Up to 90% of businesses are now using cloud computing to some extent. These companies are also conducting up to 60% of their work via the cloud. This data clearly shows us that cloud environments are, at last, in the mainstream.
However, there is still some confusion over the different types of cloud environment. While it is easy to assume that one cloud ‘fits all,’ different types serve differing purposes.
Let’s look at the four types of cloud environments and what you can expect from them.
The Different Types of Cloud Environments
1. Private Cloud Environments
The private cloud, as you may imagine, is yours alone. That means only you and your team have access to this space and its files.
This may appeal to businesses who are keen to exercise complete control. In some cases, it may also mean that you benefit from tighter security.
However, private cloud computing is normally manageable through the user. This means that anyone working with a private system should, hopefully, have the requisite knowledge of how to use it.
It may also mean that users need to handle all maintenance themselves. That could mean higher human error risks.
2. Public Clouds
Public cloud deployment is perhaps the most common environment available. It will be worth more than $623 billion by the middle of the decade. Around 91% of corporate cloud users run through public environments. Conversely, 72% use private, showing a preference for mixing.
The public cloud environment is generally available through an outsourced subscription. That means businesses essentially delegate its operation to an off-site expert. This means that there is no need to pay for hardware running costs on-site.
However, by design, the public cloud platform is a shared environment, which means that a business choosing a public setup will share services with others.
Public and private cloud services tend to be some of the most popular. However, there are a handful of additional options.
3. Hybrid Clouds
A hybrid cloud environment brings together features from public and private clouds. The benefit is that users can expect ‘the best of both worlds.’
In some cases, it may mean that businesses can pick and choose which data they manage. For example, it may mean that the public side of the cloud handles the simpler processes.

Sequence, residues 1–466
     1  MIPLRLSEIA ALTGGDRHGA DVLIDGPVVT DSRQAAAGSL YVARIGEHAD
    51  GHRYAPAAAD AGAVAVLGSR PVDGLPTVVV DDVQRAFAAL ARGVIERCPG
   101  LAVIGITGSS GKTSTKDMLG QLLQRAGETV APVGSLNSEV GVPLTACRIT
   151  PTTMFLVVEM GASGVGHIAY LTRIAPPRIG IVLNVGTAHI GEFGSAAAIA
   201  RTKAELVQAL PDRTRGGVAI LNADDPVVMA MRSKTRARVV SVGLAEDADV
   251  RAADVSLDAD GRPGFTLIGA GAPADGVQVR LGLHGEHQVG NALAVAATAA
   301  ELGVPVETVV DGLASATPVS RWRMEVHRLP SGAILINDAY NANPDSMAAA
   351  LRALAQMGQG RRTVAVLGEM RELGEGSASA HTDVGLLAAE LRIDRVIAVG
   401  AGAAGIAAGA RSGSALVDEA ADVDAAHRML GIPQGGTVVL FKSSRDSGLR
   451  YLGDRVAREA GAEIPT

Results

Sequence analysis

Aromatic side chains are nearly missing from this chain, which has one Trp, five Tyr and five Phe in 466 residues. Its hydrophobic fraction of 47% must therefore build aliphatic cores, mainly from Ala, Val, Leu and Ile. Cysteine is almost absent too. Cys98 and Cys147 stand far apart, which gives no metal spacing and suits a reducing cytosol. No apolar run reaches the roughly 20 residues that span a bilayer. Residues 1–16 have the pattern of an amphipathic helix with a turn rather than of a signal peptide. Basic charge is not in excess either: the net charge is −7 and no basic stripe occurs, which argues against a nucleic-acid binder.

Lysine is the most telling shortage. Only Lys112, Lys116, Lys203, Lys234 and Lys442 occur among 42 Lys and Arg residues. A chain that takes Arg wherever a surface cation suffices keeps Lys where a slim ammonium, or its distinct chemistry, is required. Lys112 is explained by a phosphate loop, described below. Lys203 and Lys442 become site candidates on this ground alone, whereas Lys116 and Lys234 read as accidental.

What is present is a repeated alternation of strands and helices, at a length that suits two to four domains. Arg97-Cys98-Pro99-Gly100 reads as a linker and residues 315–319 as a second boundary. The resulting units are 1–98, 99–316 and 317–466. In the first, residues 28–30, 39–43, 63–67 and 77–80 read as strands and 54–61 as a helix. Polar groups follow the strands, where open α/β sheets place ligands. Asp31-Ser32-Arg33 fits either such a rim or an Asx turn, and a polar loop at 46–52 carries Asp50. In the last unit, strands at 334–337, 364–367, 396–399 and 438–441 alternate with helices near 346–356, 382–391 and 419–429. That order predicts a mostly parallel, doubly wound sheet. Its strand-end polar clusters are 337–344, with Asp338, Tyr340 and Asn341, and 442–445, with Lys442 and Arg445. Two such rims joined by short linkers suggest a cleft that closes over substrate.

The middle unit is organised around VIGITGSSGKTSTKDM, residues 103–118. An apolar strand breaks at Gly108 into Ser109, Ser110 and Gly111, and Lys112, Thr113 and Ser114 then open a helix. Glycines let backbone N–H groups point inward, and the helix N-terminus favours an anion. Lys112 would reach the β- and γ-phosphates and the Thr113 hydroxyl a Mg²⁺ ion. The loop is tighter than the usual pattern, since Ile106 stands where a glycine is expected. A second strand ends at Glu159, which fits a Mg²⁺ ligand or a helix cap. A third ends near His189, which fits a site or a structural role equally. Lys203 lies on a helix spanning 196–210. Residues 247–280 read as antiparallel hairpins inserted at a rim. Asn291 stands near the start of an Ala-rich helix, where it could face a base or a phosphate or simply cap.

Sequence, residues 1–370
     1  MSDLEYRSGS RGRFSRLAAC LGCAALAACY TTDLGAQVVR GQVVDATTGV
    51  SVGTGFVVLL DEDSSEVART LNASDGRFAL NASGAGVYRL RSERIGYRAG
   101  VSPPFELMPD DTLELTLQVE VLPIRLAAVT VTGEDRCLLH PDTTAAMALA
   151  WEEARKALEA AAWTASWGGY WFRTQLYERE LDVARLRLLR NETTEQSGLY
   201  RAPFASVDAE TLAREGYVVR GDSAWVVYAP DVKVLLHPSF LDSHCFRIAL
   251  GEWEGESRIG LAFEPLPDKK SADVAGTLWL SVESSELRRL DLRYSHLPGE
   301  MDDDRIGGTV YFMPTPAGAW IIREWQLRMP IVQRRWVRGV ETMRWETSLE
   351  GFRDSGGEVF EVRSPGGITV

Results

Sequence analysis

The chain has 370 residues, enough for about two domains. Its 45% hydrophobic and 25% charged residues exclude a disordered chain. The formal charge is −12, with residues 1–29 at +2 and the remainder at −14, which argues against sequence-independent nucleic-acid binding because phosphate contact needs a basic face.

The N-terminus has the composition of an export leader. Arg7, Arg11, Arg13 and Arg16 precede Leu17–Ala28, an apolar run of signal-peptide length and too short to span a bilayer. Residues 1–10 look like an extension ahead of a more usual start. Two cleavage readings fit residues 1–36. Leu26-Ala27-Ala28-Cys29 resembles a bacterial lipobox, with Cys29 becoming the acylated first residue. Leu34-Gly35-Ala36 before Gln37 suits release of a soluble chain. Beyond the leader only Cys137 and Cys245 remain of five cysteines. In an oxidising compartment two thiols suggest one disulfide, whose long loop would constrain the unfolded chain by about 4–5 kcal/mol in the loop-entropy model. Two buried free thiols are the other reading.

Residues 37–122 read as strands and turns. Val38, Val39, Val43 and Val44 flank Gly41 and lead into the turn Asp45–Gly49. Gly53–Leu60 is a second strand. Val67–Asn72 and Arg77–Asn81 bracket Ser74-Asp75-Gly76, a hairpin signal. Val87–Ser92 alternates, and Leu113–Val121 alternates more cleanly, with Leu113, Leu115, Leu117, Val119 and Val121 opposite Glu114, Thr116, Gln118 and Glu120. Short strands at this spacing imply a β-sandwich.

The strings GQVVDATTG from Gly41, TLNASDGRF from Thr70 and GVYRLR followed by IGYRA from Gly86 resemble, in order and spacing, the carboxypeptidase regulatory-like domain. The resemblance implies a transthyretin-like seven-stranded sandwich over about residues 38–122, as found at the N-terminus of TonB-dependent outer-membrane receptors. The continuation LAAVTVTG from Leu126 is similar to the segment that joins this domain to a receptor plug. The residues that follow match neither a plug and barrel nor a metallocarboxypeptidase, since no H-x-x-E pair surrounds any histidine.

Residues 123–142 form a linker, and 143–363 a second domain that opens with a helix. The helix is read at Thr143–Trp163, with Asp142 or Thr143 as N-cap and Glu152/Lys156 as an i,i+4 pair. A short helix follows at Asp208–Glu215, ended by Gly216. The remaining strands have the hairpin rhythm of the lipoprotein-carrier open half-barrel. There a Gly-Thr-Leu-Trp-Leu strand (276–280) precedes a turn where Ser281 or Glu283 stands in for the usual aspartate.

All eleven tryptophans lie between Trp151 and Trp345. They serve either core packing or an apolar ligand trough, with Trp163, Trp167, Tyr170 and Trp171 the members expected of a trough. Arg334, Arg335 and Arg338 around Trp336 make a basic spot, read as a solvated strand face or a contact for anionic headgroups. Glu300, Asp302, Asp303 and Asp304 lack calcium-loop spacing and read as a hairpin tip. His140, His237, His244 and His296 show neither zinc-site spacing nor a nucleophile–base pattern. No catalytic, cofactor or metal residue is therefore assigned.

The hybrid cloud may be popular for smaller companies because they can take advantage of the public cost-saving and maintenance support. At the same time, they will be able to protect sensitive data through the platform’s private end.
The statistic showing a split between public and private cloud use might point to hybrid usage. With hybrid, business owners are concerned that the public cloud provides less security than the private system can rest easy.
4. Community Clouds
The community cloud infrastructure is interested in that it’s another mid-point between private and public. At its simplest, the community cloud is a series of public clouds arranged in a private ‘community.’ That means separate businesses will still benefit from the positives of a shared platform while still keeping data secure and confidential.
Community cloud take-up is growing, too. Between 2013 and 2018, the model saw a growth of 34.5% worldwide. As of 2018, the community market was worth at least $2.49 billion.
This multi-tenant model may work well with businesses with shared industry interests. It may also benefit those who are not necessarily competitive. For example, you may find community cloud environments popular in healthcare and public services.
Which Cloud Environment is Best For You?
All the types of cloud we explore here have their pros and cons. Public cloud services are easy to manage and are cost-effective. Private clouds, however, offer more privacy and security.
Hybrid clouds let you secure sensitive data as and when you wish. Community clouds, on the other hand, allow you to join a group of private users.
There appears to be a healthy interest in all four deployment models. However, the right system for you will depend on the data you hold and the type of business you run. Don’t forget; there are also multi-cloud environment models too. They are where you can choose multiple options to fit your enterprise the best.